Historic pilgrimage routes are becoming extremely popular with serious trekkers and casual visitors. The Kii Peninsula in Wakayama Prefecture offers the Kumano Kodo network of pilgrimage routes.
The 7 km walk from Hosshinmon-oji to Hongu Taisha is an easily accessible part of the Nakahechi Route that gives an insight into 1,000 years of arduous pilgrimage across the Kii mountains. Local buses can get you to the trailheads at either end.
Walking ancient stone steps through remote thick forests is a fantastic way to experience the spiritual countryside. The peacefulness and silence is such a contrast what we are travelers see in the conurbations of Osaka, Kyoto and Nagoya only a couple of hours away by train.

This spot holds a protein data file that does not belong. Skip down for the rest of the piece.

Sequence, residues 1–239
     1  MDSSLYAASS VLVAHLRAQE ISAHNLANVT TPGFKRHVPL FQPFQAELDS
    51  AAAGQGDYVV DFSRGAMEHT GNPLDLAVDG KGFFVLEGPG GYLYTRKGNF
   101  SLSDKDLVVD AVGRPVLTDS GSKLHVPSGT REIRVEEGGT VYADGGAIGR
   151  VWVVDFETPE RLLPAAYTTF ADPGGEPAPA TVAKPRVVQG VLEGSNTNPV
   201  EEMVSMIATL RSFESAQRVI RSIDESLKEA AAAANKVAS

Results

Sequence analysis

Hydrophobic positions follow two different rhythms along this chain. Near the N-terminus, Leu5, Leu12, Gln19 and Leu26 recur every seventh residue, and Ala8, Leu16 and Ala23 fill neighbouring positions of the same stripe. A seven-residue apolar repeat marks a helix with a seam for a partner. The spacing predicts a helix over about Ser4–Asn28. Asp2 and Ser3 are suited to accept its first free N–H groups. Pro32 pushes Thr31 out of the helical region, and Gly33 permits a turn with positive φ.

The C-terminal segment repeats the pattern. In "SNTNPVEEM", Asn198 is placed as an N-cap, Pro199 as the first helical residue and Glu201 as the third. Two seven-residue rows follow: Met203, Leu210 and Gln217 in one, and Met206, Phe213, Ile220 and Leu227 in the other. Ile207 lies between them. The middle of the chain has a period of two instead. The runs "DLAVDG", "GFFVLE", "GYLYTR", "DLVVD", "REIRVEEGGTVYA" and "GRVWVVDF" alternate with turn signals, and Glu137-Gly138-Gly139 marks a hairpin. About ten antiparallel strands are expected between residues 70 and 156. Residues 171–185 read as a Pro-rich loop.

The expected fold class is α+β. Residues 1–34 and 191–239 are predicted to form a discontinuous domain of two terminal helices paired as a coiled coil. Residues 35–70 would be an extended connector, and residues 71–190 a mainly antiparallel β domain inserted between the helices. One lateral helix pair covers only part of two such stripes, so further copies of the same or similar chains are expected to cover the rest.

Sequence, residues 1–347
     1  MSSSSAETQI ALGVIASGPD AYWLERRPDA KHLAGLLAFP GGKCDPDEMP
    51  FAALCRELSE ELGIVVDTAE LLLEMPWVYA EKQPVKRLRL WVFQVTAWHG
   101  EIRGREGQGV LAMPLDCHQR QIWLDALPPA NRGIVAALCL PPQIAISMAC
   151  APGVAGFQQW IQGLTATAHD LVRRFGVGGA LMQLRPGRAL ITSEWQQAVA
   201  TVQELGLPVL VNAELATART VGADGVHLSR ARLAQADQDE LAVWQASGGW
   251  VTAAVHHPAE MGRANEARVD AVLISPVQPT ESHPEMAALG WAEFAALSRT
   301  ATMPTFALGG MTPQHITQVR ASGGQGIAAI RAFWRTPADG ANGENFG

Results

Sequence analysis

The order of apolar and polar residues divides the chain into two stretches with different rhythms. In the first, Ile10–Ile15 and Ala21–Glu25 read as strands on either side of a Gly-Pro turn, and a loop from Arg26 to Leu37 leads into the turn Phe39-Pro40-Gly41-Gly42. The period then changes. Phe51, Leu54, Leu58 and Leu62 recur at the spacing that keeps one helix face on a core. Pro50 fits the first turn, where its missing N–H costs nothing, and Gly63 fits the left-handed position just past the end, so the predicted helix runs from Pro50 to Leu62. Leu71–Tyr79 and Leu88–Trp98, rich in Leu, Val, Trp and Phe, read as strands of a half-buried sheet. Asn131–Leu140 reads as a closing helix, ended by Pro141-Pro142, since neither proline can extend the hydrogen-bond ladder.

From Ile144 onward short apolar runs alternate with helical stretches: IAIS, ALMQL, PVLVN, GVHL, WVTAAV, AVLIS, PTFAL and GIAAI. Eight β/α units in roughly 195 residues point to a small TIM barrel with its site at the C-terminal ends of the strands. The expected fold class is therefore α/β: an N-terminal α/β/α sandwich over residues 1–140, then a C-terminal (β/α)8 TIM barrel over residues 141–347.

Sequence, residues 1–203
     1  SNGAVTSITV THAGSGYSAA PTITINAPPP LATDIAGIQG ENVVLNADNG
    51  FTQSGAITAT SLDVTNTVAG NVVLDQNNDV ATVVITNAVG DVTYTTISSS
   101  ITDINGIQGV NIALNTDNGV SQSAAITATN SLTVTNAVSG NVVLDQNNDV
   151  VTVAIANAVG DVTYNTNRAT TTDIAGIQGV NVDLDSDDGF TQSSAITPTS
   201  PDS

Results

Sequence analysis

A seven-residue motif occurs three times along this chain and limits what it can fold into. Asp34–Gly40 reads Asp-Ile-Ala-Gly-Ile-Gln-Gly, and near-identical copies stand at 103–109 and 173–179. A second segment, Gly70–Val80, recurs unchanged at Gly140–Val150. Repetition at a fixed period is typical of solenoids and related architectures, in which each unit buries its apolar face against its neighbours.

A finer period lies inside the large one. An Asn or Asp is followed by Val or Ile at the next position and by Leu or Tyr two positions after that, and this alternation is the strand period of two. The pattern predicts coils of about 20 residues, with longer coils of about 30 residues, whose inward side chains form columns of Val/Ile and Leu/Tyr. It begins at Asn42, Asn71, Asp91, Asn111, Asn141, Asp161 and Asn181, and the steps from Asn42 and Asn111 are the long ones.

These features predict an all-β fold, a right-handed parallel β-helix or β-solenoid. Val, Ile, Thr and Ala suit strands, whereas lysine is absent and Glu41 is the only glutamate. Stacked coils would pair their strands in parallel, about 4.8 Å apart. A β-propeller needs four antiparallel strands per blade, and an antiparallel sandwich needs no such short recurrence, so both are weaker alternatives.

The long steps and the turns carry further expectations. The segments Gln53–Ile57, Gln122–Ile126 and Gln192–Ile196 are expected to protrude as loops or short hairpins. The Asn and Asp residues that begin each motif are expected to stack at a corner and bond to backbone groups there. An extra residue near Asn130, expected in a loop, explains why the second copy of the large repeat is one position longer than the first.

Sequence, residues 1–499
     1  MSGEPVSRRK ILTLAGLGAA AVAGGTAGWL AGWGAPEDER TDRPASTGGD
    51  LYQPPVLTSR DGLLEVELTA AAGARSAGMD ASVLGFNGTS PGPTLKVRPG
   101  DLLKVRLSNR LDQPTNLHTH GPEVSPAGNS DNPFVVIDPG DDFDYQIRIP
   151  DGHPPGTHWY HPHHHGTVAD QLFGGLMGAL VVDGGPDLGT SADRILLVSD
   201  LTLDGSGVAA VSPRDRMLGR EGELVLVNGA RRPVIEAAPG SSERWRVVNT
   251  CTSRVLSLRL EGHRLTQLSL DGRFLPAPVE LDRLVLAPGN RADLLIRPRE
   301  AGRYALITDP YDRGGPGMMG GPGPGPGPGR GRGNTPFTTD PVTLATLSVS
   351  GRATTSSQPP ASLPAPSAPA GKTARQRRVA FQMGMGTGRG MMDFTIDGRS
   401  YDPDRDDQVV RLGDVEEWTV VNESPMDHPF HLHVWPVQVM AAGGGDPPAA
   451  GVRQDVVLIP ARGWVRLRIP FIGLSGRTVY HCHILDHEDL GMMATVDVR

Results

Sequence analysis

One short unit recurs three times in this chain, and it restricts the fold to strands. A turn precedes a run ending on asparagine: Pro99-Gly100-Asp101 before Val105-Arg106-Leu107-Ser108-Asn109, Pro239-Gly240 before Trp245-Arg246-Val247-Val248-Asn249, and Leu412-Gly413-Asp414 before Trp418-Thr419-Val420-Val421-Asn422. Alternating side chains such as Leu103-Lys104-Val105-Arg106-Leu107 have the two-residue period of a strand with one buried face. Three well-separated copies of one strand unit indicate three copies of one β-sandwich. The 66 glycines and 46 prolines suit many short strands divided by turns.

I have walked this section twice now. Something about the underlying spirituality and following thousands of footsteps of the past will draw me back to the rest of the Nakahechi Route from Kiitanabe and probably the Kohechi Route from Koyosan.
The 7.7 kms of this section is pretty easy, and should take just over 2 hours. And do take the signposted side track to view the distant Oyunohama Torii gate. Stand there and reflect on the the importance of this sight to pilgrims.
In July 2004, the Kumano Kodo pilgrimage routes were registered as UNESCO World Heritage as part of the “Sacred Sites and Pilgrimage Routes in the Kii Mountain Range” property. Tanabe City Kumano Tourism Bureau has a great website with details about all the Kumano routes, sights and accommodation – as well as fantastic downloadable maps.